Astronomical Heritage Finder


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Short Description (ICOMOS-IAU Case Study format):
Eastern Alpine and Großmugl starlight areas (multiple locations): General description


Geographical position 
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Two different locations


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  • East Alpine Starlight Reserve: Latitude 46° 52′ to 47° 58′ N, longitude 13° 35′ to 14° 55′ E. Elevation generally between c. 1000m and 1500m above mean sea level.
  • Großmugl Starlight Oasis (core zone): Latitude 48° 29′ 20″ N, longitude 16° 13′ 20″ E. Elevation 250m above mean sea level.


General description 
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Within the Eastern Alps WSW of Vienna is an elliptical area, about 200 × 100km in size, where the high surrounding mountains provide sufficient shielding from light pollution that the dark night skies are of near perfect natural quality. A separate, much smaller area to the north of Vienna provides a dark-sky ‘oasis’ that is easily accessible to millions of city dwellers.

Fig. 1: The constellation Orion is almost overwhelmed by the light from the countless stars in the pristine skies above the Gesäuse National Park
in the East Alpine Starlight Reserve. Photograph © M. Reithofer


Brief inventory 
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The East Alpine Starlight Reserve is an area of about 20,000 km², located about 150km to the west of Vienna where the Alps reach a height of 3000m. At the heart of this area, the dark night sky is of an exceptional quality. This is because low lighting in the surrounding communities together with the mountain topography provide an 80km-wide shield against central European light-pollution and city-light ‘domes’. The high elevation also reduces light scattering and extinction of starlight.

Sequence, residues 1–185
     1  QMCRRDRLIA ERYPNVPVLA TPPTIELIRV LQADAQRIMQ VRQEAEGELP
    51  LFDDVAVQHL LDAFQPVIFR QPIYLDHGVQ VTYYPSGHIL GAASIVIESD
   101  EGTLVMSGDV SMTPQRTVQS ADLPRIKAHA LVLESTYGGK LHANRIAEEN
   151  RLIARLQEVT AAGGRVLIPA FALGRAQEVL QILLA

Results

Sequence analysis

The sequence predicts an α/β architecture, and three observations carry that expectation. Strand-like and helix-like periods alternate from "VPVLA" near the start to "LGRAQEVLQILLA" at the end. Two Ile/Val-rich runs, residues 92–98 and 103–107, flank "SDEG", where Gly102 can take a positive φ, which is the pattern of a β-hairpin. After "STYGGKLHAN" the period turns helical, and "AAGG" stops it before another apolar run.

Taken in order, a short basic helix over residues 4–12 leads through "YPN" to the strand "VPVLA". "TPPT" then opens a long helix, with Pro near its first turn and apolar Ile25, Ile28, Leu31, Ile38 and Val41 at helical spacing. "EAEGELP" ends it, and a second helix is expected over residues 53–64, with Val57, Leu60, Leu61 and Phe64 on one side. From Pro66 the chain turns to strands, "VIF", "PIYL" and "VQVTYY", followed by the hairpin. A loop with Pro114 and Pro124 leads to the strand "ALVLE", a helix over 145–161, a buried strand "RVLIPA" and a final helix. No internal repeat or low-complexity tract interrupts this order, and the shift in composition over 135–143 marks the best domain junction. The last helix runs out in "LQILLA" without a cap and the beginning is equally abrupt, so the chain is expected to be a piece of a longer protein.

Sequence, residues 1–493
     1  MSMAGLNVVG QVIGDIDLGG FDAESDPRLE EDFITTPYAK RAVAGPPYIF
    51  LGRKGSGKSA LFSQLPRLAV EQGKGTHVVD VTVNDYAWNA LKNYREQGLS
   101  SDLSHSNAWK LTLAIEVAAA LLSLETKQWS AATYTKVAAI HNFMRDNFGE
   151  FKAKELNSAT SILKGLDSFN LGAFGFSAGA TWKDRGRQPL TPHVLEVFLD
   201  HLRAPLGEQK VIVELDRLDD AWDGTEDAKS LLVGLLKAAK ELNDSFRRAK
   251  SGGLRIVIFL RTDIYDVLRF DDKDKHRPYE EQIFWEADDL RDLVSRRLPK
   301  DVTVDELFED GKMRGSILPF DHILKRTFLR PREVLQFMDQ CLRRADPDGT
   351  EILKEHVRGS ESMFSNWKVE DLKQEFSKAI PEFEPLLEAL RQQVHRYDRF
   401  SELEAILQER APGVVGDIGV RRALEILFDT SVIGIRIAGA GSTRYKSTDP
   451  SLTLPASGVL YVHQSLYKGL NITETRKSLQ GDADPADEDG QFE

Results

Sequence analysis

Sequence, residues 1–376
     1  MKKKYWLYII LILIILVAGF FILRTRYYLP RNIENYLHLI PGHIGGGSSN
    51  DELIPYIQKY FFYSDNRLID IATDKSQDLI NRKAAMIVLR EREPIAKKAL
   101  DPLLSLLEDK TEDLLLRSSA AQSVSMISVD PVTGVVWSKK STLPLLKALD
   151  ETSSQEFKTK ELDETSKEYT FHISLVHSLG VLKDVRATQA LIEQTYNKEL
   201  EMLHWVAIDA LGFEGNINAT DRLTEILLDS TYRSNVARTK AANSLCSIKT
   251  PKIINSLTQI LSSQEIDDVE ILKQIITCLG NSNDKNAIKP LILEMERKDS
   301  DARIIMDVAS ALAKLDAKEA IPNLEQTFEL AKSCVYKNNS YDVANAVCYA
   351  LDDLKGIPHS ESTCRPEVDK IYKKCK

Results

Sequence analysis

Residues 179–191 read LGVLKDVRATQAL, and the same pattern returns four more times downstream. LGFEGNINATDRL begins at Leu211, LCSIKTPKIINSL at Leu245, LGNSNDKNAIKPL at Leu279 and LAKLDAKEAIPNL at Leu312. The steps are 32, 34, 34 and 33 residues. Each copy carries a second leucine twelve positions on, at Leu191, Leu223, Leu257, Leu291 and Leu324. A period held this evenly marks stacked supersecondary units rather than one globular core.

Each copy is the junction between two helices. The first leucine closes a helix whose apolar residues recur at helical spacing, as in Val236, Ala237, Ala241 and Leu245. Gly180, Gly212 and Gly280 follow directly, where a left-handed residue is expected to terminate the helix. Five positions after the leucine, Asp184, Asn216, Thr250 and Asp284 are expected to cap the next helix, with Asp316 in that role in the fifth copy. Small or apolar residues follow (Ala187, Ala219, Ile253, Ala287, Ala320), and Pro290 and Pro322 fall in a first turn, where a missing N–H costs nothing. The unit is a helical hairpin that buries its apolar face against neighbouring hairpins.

Fig. 2: The view north-eastwards at midnight towards the south-western end of the Gesäuse National Park in the East Alpine Starlight Reserve.
The setting moon illuminates the Admonter Kalbling, 2196m, in the background. Photograph © Thomas Posch

The Großmugl Starlight Oasis is a small area of 1.3 km² within the lower hills at the very eastern end of the Alps, about 30km north of Vienna. While the skies here are not pristine they are dark enough to provide a clear view of the Milky Way and thousands of individual stars (with a dependable visual limiting magnitude of 6). This is because the hills cover the sky-glow from nearby Vienna. Within the Oasis, a viewing spot near the largest bronze-age tumulus in central Europe offers a 360° unobstructed horizon, 250m above sea level. Taken together with the nature reserve Leiser Berge, the Starlight Oasis covers 300 km².


Cultural and symbolic dimension 
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It is extraordinary that an area with a near-natural dark night sky should exist within the heart of Europe, a continent that is so brightly lit. Furthermore, the proximity of the East Alpine Starlight Reserve to population centres, including the cities of Vienna, Salzburg, Linz and Graz, as well as to a major north-south route across the continent, provides millions of people with easy access to an area where they can view a near pristine dark night sky. This is an almost unique natural resource.